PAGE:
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The Chronicle

February 18, 2014

Opinion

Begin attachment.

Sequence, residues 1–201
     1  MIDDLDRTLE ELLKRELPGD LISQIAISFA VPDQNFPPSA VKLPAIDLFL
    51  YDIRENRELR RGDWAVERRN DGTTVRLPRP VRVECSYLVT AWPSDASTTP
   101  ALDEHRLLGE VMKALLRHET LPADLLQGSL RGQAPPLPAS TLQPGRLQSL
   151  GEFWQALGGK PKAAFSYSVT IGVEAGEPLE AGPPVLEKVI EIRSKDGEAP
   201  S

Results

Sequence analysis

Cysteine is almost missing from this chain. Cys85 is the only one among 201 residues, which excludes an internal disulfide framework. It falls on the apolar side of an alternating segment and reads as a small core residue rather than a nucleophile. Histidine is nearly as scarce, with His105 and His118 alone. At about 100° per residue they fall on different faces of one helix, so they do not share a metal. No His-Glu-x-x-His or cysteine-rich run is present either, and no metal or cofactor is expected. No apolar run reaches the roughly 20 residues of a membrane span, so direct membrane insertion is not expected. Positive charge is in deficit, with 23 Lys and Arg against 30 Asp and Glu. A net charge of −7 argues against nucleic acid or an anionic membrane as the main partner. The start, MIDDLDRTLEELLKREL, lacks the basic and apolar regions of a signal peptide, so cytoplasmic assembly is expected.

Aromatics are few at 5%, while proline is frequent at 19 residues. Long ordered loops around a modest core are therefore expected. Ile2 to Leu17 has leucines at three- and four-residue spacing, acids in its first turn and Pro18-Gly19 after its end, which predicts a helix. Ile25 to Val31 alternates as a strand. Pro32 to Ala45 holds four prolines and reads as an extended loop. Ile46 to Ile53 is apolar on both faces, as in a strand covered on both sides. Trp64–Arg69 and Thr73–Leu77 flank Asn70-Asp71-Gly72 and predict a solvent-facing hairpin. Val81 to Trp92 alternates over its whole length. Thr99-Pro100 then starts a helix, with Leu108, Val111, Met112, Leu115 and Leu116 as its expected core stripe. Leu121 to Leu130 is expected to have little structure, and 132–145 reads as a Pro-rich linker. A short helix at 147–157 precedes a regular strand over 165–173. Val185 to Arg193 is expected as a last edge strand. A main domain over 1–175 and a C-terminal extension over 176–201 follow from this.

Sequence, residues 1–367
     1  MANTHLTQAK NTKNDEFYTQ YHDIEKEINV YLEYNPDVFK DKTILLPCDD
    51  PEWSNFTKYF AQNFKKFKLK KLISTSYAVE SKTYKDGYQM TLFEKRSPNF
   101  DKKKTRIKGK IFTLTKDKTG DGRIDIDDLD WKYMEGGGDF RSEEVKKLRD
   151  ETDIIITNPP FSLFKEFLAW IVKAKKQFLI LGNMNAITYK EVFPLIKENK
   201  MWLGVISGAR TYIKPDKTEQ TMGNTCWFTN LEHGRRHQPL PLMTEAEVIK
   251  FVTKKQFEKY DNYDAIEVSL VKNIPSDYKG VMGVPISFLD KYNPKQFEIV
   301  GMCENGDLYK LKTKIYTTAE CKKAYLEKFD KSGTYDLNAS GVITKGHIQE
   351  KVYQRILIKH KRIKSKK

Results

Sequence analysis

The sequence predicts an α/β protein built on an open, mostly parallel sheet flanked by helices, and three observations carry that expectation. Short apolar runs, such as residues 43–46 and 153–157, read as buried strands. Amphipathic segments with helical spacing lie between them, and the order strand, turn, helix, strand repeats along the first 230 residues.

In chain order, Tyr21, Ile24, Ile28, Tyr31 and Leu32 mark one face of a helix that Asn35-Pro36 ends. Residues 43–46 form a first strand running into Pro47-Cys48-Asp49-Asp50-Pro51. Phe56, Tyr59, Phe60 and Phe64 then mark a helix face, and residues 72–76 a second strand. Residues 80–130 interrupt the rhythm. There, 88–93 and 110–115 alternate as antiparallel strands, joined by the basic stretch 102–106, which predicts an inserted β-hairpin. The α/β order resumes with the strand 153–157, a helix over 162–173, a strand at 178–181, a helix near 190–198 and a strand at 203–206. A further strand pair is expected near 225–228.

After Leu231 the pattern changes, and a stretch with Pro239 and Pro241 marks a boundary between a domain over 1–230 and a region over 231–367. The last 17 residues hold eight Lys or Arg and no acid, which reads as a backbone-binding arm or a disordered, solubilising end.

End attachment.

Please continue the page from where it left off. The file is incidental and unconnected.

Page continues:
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Winter’s here, spread the salt Oshawa needs to make sure the walkways are safe bylaws. In the case of Oshawa, the by-law clearly states it’s the responsibility of Catherine “the owner” of the property. That could be a business, such as the Legault college, or a house owner. The bylaw further states that clearing and salting of the sidewalks should be I have lived in Oshawa for two years done as often as possible. Failure to do so can result in the city and the weather has always been laughremoving the snow and ice at the resiably mild to me. dent’s expense. However, this winter Oshawa looks Fines for not obeying the by-law rage frighteningly similar to that in the town from $300 to $25, 000. where I was born and In neighbouring comraised: Sudbury. munities the bylaw is simiThe temperatures and After the ice storm, lar, and clearing sidewalks conditions during the ice most people probably is generally the responsistorm were typical of the bility of citizens. winters I experienced liv- accumulated a lifetime In Clarington owners ing in that north Eastern of experience slipping have as little as 16 hours to community for 20 years. on ice and landing on clean up the snow and ice One glaring difference after it stops falling. between Oshawa post- their backs... Oshawa gives until the ice storm and Sudbury is midnight of the first day of how people deal with all snowfall. that snow and ice. However, the fact After the ice storm, remains residential most people probably accumulated a lifetime of experience slip- sidewalks are almost never cleared and ping on ice and landing on their backs. salted, meaning anyone who has to walk The thing is, that’s not supposed to ever has two options. You can walk on the sidewalk propbe an issue. Sidewalks should always be salted or erly, trudging through snow and ice, cleared as dictated by the municipality’s risking injury.